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Turn methane into CO2 to reduce heat, experts say



Most plans to combat climate change are about reducing carbon dioxide, usually by reducing human emissions.

But the unconventional new idea could actually slow down the pace of global warming by putting it more carbon dioxide in the atmosphere – while removing the more powerful gas that warms the planet.

In a comment published on Monday in the journal Sustainability of natureA group of experts on climate and chemistry said that methane should be more focused on combating climate change. Methane remains much shorter in the atmosphere than carbon dioxide but is much more powerful gas that warms the climate as it lasts.

Capturing atmospheric methane and converting it to less powerful carbon dioxide, using special materials and chemical catalysts, can be one of the ways to reduce greenhouse gas enrichment potential, the authors say.

The idea is not a substitute for emission reductions, said chief commentator Rob Jackson, climate scientist and environmental scientist at Stanford University.

"It's the smartest to keep methane and carbon dioxide in the atmosphere," he said. "Only emissions are still rising and we have to think about other tools and approaches to fighting climate change."

Reducing Greenhouse Gases from the Atmospheres, with the reduction of emissions entering it, has long been discussed among climatic scientists and activists. But, by that time, it mostly focused on carbon dioxide.

The idea is usually focused on sucking CO2 from the air, then store it by not returning to the atmosphere – a process known as "negative emissions". The net result would be a lower total carbon dioxide concentration in the atmosphere.

Scientists have suggested different ways to do this, from the enormous woods of carbon-plunging, naturally absorbing carbon dioxide to special machinery that emit CO2 directly from the air. In the latter scenario, captured carbon dioxide would have to be permanently stored somewhere, probably by being injected deep into the Earth.

There was much less focus on capturing methane, probably because the process technically tends to capture carbon dioxide. But scientists have some ideas on how this can be done.

The new comment suggests a promising approach involving the use of porous minerals called zeolites. Scientists already use zeolites to capture methane and convert to methanol, an alcohol that can be used in chemical raw materials or other industrial applications.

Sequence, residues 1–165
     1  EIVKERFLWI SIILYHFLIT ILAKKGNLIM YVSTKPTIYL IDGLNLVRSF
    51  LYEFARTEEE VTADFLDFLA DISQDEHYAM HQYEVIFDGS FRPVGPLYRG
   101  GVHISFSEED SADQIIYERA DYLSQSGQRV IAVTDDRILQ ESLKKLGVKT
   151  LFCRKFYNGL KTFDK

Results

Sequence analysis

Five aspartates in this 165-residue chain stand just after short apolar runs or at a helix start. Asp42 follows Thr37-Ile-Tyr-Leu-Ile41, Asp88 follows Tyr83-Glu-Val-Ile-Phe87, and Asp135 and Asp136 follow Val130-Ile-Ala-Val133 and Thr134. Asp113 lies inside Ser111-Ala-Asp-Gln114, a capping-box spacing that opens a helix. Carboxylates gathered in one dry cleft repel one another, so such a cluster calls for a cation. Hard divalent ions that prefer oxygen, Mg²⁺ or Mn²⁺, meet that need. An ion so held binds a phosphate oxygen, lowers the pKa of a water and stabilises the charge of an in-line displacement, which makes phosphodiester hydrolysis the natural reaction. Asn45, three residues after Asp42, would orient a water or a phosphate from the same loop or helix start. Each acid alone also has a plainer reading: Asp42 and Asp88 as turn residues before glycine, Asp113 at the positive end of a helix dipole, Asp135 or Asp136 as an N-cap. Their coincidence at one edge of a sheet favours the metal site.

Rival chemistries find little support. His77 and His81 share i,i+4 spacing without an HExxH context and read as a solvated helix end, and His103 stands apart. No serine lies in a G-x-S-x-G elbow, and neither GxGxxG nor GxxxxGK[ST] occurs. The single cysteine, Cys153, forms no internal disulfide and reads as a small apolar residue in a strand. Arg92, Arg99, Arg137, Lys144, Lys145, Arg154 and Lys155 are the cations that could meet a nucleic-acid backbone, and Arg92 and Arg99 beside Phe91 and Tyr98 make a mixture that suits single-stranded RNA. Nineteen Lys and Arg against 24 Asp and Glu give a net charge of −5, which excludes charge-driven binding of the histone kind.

It is not much more chemically complicated to convert methane into carbon dioxide, Jackson stressed. Once conversion is completed, the most effective action would be simply to release carbon dioxide back into the atmosphere. This means that more CO2 ends up in the air, but since it takes up a stronger greenhouse gas, the current effect is to reduce global warming.

At present, the concentration of methane in the Earth's atmosphere floats around 1,866 parts per billion. Before the industrial era, when human emissions of greenhouse gases began to increase, methane levels were closer to 750 ppb.

By restoring the atmosphere to pre-industrial methane concentrations, some 8 billion tons of carbon dioxide could be produced in the conversion process, Jackson and colleagues say. It is equivalent to the current global carbon emissions of several months. At present, the world emits about 40 billion tons of carbon dioxide each year.

"It's not trivial, but it's not a break," Jackson said.

Since the concept at this time is almost entirely hypothetical, it is difficult to sketch all the conditions that would be needed to develop and bring to the scale.

When it comes to direct carbon capture in the air – its closest existing analogy – the costs of introducing technology and the challenges for market development are some of the biggest obstacles. Experts have pointed out that federal incentives might be needed by corporations to consider it worth investing in technology. That could mean everything from carbon tax to carbon offsets.

It is also likely to be worthwhile for methane conversion, suggesting authors of a new comment, pointing out that "the price for carbon emissions or the policy mandate is needed" to make the process economically attractive. However, according to such a scenario, they note that capture of methane could become even more attractive than carbon capture – the price of methane would probably be higher because it is a stronger greenhouse gas than carbon dioxide.

These are all the details that need to be discussed. For now, the idea is just a concept – but that's what some experts say would potentially add a new weapon tool to climate change weapons.

"We should look at the options for removing all the major greenhouse gases," said David Victor, a climatic and energy policy expert at the University of California, San Diego. After CO2, methane is the next leading candidate. "

Printed from Climatewire with permission from E & E News. E & E covers important energy and ecological news on www.eenews.net daily.


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